I always thought that the 2 pounds would be the cooked weight meaning that dehydrated and freeze dried foods didn't have to equal 2 pounds.
Then I read on the Internet that folks are carrying as much as 10 pounds of food for 4 days. Last summer I packed a food bag with what I thought was a week's worth of food (dehydrated, freeze dried, ready to eat, candy, etc.) and bag and all weighed 6.5 pounds. I ended up back at the car after 4 days and had a lot of food left over.
Am I ok? Just curious. Thanks for your help.
Wayne


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I personally think that weight is a really bad way to go about apportioning food for a trip. I've gotten tripped up before where my food bag was plenty heavy, but half of it was gummy bears - those things don't provide much energy for their weight. Same thing with tuna or even jerky.

Rather, I like to think in terms of calories - for a simple weekend backpacking trip (Saturday and a half day Sunday), I know that in most cases I'll actually eat about 2000 calories a day. If I'm a little hungry when I get back to the car, that will just make the burger taste better in town. For a week-long trip, I'll pack around 3000 calories per day. I still only eat 2000 for the first couple days, but then the hiker hunger kicks in and I annihilate my food bag from there-on out. If I'm thru-hiking? Forget it, we're probably talking 4000/day. At that point though, practical concerns (that is to say, the weight of my food bag) take over and I just pack as much as I can reasonably carry.

As the Nutrition Facts on the back of the cereal box says, though, your calories may be higher or lower depending on your daily needs:

1) Your personal metabolism (some people go through more fuel than others)
2) Your daily mileage
3) The intensity of the miles
4) Ambient temperature

...and a million other factors. What I might suggest is next time you go out for a simple day hike, eat nothing but backpacking food all day and keep track of how many calories you're putting away. Add in a buffer for the fact that you tend to eat more as a trip progresses, and extrapolate. It's a good starting point at least :)

And then go destroy a Hot N Ready Pizza in town. That part is critical :)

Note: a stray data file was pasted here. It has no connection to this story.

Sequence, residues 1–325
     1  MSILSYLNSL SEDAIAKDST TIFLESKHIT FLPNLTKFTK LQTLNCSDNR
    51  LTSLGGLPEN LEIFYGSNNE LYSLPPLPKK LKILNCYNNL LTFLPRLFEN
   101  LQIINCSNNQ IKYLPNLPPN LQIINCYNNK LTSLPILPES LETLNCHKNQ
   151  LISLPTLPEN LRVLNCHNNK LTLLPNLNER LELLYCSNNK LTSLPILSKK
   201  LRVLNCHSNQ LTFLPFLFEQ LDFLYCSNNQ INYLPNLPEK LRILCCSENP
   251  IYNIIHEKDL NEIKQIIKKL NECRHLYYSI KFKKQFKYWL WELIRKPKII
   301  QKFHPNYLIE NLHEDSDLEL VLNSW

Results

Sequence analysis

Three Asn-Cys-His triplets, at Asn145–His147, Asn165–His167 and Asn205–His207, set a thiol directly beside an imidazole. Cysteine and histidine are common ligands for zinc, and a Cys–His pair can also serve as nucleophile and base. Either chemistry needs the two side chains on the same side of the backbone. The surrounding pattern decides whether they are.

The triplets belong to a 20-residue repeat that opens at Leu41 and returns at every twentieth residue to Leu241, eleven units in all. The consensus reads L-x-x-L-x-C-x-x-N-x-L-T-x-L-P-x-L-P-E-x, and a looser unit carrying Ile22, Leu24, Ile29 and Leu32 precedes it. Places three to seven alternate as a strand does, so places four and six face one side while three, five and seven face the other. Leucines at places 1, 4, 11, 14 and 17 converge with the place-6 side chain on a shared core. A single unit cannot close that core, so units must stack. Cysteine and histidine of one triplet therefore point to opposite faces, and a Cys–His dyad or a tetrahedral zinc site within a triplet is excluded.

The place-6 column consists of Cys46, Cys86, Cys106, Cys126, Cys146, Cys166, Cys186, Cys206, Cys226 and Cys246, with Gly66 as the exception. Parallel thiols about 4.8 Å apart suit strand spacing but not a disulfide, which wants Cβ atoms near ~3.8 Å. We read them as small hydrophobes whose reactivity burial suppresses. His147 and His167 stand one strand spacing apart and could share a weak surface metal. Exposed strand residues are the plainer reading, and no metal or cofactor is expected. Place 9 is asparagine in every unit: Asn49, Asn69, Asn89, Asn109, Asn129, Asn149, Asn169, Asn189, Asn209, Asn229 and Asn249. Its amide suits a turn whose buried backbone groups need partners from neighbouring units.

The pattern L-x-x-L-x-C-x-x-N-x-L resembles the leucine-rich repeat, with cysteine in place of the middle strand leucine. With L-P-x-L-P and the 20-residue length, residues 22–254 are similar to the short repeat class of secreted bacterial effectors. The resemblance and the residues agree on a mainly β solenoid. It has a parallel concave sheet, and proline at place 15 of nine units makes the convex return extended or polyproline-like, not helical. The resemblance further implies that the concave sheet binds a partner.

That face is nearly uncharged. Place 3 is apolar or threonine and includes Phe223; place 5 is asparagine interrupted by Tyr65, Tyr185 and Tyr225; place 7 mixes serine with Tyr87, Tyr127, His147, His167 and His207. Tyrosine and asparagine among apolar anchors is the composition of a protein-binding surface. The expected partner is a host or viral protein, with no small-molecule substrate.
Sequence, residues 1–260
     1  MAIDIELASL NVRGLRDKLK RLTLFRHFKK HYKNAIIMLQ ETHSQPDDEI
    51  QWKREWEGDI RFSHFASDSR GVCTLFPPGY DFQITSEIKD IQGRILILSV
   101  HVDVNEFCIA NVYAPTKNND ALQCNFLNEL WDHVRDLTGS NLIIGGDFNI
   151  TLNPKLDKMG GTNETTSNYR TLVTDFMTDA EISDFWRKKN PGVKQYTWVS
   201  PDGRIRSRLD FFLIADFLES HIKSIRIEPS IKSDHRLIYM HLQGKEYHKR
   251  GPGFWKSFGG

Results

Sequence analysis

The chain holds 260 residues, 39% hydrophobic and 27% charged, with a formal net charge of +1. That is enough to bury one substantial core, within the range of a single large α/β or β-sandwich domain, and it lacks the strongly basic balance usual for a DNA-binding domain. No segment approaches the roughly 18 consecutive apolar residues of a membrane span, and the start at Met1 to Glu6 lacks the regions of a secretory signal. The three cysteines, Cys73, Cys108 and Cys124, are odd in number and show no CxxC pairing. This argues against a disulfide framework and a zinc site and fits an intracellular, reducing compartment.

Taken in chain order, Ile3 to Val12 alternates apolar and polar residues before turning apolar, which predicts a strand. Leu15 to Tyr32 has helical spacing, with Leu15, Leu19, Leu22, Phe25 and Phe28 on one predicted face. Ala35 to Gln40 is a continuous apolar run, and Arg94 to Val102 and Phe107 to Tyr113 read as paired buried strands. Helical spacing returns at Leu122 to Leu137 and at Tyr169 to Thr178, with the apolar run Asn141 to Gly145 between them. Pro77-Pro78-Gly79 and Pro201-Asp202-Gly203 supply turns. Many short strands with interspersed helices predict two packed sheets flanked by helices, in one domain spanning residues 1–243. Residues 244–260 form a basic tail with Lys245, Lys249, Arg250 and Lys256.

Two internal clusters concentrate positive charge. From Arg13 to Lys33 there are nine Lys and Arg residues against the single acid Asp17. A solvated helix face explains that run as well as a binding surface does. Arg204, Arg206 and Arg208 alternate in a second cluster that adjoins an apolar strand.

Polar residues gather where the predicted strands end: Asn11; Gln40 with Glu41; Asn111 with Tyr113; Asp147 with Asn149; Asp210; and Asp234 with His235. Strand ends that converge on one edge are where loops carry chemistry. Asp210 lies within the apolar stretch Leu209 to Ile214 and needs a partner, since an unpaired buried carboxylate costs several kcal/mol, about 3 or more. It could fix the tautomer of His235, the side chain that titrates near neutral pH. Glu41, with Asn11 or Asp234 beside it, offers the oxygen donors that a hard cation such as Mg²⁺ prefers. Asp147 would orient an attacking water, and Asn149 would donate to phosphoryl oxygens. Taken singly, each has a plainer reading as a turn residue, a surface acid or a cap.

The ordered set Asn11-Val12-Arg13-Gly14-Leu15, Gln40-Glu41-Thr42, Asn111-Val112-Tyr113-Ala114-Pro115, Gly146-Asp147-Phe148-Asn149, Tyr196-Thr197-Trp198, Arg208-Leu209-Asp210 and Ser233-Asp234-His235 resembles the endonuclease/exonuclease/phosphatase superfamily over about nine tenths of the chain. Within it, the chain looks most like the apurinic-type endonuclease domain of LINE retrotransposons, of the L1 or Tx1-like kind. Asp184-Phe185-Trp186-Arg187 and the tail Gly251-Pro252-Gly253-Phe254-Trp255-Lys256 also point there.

fiber

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May 18, 2013
Messages
77
Any trip over 3 days I create a spreadsheet and target a daily calorie intake. The longer the backpacking trip, the higher the daily calorie intake. Nine day trips I target 2800 a day. I find that amount does not make my pack too heavy, keeps me feeling full all day, and when I come home I am only ~3 lbs lighter (which for most of us is an added bonus).

I have tried to carry 3000 cals a day, but find it makes my pack unmanageable heavy for trips over 5 days. It is also hard to eat that much dry/light weight food.
 

regehr

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Mar 28, 2012
Messages
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Depends on what kind of trip, what length of trip, what kind of food, and what kind of person! I'm 6' and 200 lbs and would never eat 2 lbs a day, but on a strenuous trip I might budget 1.75 which would include some backup food.
I was once out 2 full days longer than planned on a trip due to a snowstorm. It had been a somewhat strenuous trip and I'd already lost some weight and was about ready to eat my trip partners before we got out.
 

Venchka

Member
Joined
Aug 6, 2015
Messages
330
Thanks everyone. Like most of backpacking, the answer seems to be, "It depends."
I seem to be on the right track. I'm not afraid to have some food left over. It came in handy on the 2-3 hour drive back to civilization.
Wayne


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Carthus

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Jun 25, 2021
Messages
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I always go for backpacking trips with my family, and I like to measure the quantity either by calories or grams. On a standard trip, carry 3,500 food calories per person per day, approximately 2 pounds. In freezing weather, you might need 5,000 calories per day, which is around 3 pounds. I use a kitchen scale to help me with that since it shows how an actual food portion looks so that I can be mindful of my childrens' and husbands' eating. I get mine from https://www.amazon.com/Vont-Beautiful-Measurement-Stainless-Batteries/dp/B08SW6F5SZ. Hope I helped!
 
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balzaccom

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Sep 30, 2014
Messages
502
We are older (I'll be 69 in six weeks) and so I think we're somewhat outliers in this one. We take just about two pounds of dry-weight food per day, and that is for the two of us combined. Because we're older, we don't eat as much as we used to. And we're not doing this for weeks on end--a week-ling trip is about our limit. And we don't mind losing a little weight on a trip.

Our food looks a lot like Parma's but with dry crackers instead of croissants...and we hold the mayo, mustard, and lettuce. And we add miso soup to every dinner menu, both for the rehydration and the flavor. That said, we've never run out of food on a trip...
 

Bob

Trailmaster
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Mar 3, 2013
Messages
2,796
lol..... my trips are Bobs weight loss....... I take 1.25 to 1.5 lbs PER day of eats.